(Photo Caption: A protestor holds up a banner demanding justice for Berta Cáceres on the 2nd anniversary of her death. (Photo: The Guardian)
By Dan Beeton
“It’s past time to cut security aid to Honduras,” Congressman Keith Ellison, vice chair of the Democratic National Committee, and co-chair of the Congressional Progressive Caucus, tweeted on March 12, referring to a Reuters report detailing state killing of protesters in the wake of recent elections.
Reuters highlighted findings by the UN Human Rights office: Honduran security forces shot and killed at least 16 of the 23 people “known to have died during the protests” following the November 26 elections, which, it appears, were likely stolen by the incumbent president, Juan Orlando Hernández.
For human rights defenders, environmentalists, journalists, lawyers, and members of minority communities such as women, Afro-Hondurans, Indigenous, and LGBT Hondurans, these murders by the state are the latest in a long list since the 2009 military coup d’etat that ousted the democratically elected president, Manuel Zelaya. That coup was enabled by the Obama administration, which ultimately helped it to succeed, as Hillary Clinton admitted in her memoir, Hard Choices. This support for rupture with constitutional democracy set the stage for US assistance to the Honduran government’s repressive state apparatus since. Each of the above communities has been targeted, making Honduras the most dangerous country in the world to be an environmentalist (according to Global Witness), for example, and consistently one of the most dangerous to be a journalist.
The most prominent environmentalist, human rights defender, and feminist to be assassinated in Honduras since the coup was the Goldman Environmental Prize winner Berta Cáceres, also one of the coup’s fiercest opponents. A lifelong activist, Berta had organized in indigenous Lenca communities since the 1990s to oppose a series of development projects that would have ripped up forests and dammed rivers for corporate profit. Following years of mounting persecution, including bogus charges and threatened imprisonment, Berta was killed when gunmen burst into her home the night of March 2, 2016, and shot her in her bed.
Berta’s murder is emblematic of the impunity that characterizes post-coup Honduras. Despite enormous outrage and calls for justice, the official investigation into Berta’s murder proceeded so slowly and opaquely that Berta’s family had to hire their own attorneys and investigators to begin to uncover facts in the case. What they found, late last year, was a series of incriminating cell phone texts, emails, and other communications that pointed toward the intellectual authors of the murder. Only months after this, on the two-year anniversary of Berta’s assassination, did the authorities arrest one of these individuals, Roberto David Castillo Mejía, executive president of Desarrollos Energéticos Sociedad Anónima (DESA) ― the company seeking to build dams on the Gualcarque River, which Berta had fought for years to oppose.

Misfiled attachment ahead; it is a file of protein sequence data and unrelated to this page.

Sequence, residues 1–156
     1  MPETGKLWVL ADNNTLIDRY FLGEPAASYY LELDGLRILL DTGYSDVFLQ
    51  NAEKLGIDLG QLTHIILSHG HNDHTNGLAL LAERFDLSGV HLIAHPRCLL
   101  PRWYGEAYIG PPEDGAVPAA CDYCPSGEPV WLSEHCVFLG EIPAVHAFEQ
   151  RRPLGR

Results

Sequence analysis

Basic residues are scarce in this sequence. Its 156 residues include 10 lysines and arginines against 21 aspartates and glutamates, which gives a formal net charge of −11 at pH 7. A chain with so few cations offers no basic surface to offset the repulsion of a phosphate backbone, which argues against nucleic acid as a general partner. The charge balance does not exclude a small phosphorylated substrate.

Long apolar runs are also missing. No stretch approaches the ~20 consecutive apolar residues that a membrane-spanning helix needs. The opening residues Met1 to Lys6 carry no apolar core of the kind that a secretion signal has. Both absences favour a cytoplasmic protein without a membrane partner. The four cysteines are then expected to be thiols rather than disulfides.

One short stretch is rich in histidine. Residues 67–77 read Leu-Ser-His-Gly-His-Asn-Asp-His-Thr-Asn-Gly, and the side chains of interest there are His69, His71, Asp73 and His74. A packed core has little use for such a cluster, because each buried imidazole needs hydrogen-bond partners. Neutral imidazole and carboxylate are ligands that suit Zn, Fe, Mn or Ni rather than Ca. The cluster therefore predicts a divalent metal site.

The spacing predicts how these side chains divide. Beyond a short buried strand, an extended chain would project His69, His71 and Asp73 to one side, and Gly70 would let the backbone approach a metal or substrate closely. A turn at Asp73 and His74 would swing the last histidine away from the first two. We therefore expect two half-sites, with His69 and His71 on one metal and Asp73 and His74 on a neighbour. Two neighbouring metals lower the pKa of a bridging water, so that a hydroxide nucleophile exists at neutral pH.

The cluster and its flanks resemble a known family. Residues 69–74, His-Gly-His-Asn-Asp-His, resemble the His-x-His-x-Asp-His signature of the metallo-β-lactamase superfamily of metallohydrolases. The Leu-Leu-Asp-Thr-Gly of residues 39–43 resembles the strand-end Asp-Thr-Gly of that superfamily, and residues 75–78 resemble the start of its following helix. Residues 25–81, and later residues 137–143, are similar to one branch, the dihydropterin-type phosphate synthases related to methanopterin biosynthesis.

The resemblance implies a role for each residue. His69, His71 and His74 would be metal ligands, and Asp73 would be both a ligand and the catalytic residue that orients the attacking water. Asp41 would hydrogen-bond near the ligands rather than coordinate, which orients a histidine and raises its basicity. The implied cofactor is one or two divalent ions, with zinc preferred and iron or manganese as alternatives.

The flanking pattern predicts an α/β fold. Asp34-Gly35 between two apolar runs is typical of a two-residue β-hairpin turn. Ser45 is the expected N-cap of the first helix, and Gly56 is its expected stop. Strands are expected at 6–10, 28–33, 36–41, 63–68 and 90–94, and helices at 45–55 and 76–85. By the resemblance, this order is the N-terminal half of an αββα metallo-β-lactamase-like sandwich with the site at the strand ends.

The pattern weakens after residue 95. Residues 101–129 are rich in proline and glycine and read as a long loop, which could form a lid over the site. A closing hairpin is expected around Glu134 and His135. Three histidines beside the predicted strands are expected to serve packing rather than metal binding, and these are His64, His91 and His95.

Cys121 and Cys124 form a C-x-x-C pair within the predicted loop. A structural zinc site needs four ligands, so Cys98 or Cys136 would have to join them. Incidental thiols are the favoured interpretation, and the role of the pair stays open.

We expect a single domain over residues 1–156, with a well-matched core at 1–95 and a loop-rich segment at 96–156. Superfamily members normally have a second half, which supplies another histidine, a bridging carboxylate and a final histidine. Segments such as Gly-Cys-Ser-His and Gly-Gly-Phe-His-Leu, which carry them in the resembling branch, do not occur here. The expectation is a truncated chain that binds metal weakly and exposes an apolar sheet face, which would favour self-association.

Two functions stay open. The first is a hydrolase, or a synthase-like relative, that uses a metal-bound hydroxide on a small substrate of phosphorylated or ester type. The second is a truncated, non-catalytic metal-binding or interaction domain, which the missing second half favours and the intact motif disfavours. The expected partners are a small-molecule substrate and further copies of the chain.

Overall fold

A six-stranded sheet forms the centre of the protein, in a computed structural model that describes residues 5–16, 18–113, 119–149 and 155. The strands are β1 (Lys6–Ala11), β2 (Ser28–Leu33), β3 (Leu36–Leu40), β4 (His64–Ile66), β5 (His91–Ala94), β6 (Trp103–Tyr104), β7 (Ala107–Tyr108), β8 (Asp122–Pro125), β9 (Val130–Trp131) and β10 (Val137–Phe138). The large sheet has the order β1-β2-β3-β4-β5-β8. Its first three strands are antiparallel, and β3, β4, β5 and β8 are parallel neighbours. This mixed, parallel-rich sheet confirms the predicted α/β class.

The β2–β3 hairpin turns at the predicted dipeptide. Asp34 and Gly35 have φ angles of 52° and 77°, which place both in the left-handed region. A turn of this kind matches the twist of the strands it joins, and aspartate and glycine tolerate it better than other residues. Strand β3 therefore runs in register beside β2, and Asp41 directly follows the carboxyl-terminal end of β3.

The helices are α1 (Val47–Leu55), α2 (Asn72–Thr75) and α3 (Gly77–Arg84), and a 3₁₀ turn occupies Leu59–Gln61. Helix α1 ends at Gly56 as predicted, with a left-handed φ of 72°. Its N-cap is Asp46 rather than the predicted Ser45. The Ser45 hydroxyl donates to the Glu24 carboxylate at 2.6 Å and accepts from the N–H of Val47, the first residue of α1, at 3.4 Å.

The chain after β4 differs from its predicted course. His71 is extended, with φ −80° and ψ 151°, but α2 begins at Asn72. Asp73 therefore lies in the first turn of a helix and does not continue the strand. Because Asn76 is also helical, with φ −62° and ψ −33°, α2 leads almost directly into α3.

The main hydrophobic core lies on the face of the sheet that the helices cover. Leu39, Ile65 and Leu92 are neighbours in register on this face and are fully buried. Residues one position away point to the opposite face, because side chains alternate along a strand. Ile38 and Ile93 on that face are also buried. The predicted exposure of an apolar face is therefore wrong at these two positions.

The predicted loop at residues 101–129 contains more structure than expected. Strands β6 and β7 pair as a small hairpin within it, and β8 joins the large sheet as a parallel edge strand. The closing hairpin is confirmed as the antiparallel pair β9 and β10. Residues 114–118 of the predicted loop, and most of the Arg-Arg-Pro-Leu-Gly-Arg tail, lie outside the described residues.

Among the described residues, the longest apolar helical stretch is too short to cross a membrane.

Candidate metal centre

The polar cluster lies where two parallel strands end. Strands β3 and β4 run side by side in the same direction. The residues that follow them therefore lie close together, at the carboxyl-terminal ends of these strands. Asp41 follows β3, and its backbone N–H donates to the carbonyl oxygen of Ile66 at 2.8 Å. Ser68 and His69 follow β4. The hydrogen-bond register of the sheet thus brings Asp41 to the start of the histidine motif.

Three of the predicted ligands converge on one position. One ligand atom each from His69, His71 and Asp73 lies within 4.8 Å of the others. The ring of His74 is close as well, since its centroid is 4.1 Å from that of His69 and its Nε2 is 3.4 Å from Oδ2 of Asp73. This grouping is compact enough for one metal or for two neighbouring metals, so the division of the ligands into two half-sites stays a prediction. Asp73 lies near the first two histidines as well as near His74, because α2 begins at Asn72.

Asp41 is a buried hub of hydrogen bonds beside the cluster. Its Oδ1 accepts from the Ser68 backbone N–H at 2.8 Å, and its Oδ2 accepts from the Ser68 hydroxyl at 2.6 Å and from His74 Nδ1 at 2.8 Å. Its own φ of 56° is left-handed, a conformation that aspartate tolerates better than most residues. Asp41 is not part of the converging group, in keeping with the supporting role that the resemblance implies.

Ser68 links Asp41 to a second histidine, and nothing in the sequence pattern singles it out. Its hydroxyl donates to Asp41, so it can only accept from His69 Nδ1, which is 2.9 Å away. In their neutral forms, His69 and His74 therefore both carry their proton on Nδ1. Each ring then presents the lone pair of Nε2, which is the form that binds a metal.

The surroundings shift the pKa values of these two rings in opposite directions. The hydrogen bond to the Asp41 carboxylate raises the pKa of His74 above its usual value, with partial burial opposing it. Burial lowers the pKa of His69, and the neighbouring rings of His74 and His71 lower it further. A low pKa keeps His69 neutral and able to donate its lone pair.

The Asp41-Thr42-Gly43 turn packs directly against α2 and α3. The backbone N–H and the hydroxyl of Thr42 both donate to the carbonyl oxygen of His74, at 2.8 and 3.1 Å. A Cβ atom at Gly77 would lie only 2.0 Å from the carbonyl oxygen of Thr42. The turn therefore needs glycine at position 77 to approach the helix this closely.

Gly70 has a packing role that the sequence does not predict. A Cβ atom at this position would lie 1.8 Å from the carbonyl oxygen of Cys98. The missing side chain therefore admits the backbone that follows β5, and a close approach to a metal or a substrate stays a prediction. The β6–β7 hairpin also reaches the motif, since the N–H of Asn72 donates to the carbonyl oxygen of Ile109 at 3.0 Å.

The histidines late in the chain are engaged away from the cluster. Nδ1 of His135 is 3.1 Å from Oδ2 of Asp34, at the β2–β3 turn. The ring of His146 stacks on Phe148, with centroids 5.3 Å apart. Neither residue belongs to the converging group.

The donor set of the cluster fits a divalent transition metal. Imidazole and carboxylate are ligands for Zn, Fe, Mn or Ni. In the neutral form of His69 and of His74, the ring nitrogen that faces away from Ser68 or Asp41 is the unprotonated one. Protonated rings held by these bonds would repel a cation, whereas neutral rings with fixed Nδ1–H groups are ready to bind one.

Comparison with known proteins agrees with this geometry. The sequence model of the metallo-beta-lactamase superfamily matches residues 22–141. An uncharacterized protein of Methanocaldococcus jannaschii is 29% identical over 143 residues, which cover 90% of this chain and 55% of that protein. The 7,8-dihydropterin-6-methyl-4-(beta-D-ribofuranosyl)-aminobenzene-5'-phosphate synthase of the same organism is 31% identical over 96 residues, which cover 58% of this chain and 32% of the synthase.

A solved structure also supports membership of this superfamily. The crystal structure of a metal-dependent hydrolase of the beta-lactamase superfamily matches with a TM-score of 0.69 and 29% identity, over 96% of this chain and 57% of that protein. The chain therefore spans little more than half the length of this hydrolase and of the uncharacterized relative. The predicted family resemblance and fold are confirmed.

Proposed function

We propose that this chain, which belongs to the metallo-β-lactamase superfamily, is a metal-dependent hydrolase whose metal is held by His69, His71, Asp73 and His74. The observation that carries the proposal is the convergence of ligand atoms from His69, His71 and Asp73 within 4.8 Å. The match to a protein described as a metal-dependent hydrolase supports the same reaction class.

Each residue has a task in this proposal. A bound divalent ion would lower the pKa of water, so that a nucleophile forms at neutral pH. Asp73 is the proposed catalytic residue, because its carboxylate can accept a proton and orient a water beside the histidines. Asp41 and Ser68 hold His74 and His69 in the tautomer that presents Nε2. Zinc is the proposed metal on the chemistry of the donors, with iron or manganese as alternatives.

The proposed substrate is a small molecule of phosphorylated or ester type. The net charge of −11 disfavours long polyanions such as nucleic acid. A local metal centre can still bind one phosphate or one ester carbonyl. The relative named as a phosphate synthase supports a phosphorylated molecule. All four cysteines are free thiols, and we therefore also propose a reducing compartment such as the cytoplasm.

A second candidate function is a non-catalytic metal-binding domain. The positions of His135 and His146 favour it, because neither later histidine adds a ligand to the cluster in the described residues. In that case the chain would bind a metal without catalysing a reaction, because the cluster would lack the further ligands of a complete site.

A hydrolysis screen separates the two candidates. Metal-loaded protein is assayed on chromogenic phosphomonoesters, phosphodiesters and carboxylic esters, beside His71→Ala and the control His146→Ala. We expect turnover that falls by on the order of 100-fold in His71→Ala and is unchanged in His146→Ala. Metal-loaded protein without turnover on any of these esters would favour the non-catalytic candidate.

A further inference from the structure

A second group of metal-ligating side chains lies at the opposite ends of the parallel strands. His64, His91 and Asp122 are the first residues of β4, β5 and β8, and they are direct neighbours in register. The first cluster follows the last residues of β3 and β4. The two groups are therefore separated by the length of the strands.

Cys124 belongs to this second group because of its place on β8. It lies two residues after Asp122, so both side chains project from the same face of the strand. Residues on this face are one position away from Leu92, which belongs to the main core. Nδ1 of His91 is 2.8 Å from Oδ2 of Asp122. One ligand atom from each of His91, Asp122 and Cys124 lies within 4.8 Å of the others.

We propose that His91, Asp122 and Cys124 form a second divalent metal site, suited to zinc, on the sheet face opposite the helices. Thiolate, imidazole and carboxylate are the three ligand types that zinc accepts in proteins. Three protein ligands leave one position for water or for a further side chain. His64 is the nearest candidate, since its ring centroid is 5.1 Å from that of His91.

“We appreciate the arrest of an alleged mastermind who was intricately involved in the planning of Berta’s assassination, but this is only one in a string of long overdue arrests, as we have stated previously,” Berta’s nephew Silvio Carrillo told CNN following news of the arrest. In a March 13 editorial, The New York Times questioned “whether the arrest represents a fundamental change in Honduras or merely the sacrifice of a scapegoat in a case that got too big.”
Honduran security forces’ impunity for murder and other crimes is a direct result of the support they have received from the Trump administration and the Obama administration before. In cases like the murder of Cáceres, the Honduran authorities know that they don’t need to do much; the money will keep flowing, regardless.
Which brings us back to the post-election protests, and repression. In the days after the election, as nearly impossible vote tabulation results were being announced by the electoral authority, and despite the numerous killings and disappearances, and despite evidence of high-level involvement in corruption ― and drug trafficking ― by members of the Hernández government, the US State Department certified that Honduras met criteria on human rights and corruption, enabling it to receive assistance. The signal was perfectly clear.
Fortunately, members of Congress, such as Keith Ellison, have stood up and demanded an end to US support for Honduras’ murderous security forces. The Berta Cáceres Human Rights in Honduras Act, introduced by Rep. Hank Johnson (D-GA), would do just that, suspending all such assistance until state impunity for human rights crimes ends and new abuses stop. The bill now has 51 cosponsors, Rep. Mike Doyle among them.
The US State Department also needs to hear from concerned people in the US that the Honduran regime should free its political prisoners, including dozens who were rounded up for protesting the flawed election and who now “face fabricated charges including accusations of terrorism, arson and criminal association,” as the School of the Americas Watch put it in a recent alert.
Consistent grassroots pressure is needed to change US policy toward Honduras and the region, and to help ensure that Berta Cáceres’ many successors live to continue their struggle for justice.
Dan Beeton is International Communications Director for the Center for Economic and Policy Research (www.cepr.net) in Washington, DC.